Hunters in Wisconsin and Minnesota are gearing up to take on the ultimate predator in the states' first organized wolf-hunting seasons.
Wisconsin's season begins Oct. 15 and runs through the end of February. Minnesota's season opens Nov. 3.
The states established wolf seasons earlier this year after President Barack Obama's administration removed Great Lakes wolves from the endangered species list. Animal advocates complain the wolf populations aren't strong enough to support a hunt, but farmers in both states have long complained about wolves attacking livestock.
Hunters will have their work cut out for them. Montana hunting guide Bud Martin said wolves are the most elusive animal he's ever hunted. He said most hunters will come back with nothing.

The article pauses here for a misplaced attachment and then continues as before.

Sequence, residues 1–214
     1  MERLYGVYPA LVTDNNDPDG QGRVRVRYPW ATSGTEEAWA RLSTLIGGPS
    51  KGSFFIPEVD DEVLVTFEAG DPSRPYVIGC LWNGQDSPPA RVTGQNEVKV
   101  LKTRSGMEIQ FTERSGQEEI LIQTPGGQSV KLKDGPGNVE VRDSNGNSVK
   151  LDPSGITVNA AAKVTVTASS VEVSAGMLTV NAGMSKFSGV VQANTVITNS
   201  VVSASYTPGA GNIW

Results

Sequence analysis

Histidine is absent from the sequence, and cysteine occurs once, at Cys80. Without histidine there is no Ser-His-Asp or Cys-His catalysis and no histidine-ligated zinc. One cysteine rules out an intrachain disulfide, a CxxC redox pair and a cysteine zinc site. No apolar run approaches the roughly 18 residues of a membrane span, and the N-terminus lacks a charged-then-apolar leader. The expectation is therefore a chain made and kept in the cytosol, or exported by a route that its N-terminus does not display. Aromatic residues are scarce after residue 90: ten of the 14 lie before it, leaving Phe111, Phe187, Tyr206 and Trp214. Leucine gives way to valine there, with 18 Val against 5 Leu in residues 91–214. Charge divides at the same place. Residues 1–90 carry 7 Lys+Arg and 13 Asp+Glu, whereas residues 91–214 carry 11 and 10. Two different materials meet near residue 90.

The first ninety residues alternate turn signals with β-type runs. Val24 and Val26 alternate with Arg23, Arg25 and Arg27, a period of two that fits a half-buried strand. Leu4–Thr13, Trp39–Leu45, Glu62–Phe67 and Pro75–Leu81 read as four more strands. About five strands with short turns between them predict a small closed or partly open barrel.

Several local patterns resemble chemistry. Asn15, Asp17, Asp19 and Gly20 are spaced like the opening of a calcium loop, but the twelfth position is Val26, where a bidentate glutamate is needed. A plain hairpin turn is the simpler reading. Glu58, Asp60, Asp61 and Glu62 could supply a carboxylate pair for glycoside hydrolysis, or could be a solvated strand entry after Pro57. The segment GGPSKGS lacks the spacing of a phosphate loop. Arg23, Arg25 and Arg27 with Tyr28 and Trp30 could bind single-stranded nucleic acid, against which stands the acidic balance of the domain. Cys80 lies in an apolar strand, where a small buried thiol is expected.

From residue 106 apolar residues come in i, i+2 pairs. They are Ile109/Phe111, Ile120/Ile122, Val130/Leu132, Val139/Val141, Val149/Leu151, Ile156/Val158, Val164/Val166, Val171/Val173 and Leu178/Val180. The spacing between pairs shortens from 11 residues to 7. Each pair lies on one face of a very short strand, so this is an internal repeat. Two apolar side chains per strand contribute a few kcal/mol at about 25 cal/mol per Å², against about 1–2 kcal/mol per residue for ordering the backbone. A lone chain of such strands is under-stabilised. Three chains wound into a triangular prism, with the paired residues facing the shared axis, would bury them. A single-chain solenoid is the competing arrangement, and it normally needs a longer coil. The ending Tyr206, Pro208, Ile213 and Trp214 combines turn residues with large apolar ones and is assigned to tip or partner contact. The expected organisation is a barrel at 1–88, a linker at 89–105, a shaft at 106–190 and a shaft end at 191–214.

The Minnesota Court of Appeals refused to block the scheduled opening of Minnesota's inaugural wolf hunting season.
In an order Wednesday, a three-judge panel said two groups that sued to stop the hunt failed to show that letting the season proceed would cause irreparable harm.
The Center for Biological Diversity and Howling for Wolves claimed in their lawsuit that the Department of Natural Resources failed to allow for adequate public comment before it adopted its regulations for the upcoming wolf season. The DNR countered that it received extensive public input.
Collette Adkins Giese, an attorney for the center, said she's deeply disappointed because the order means hundreds of wolves will suffer and die. She said they'll discuss whether to appeal to the Minnesota Supreme Court.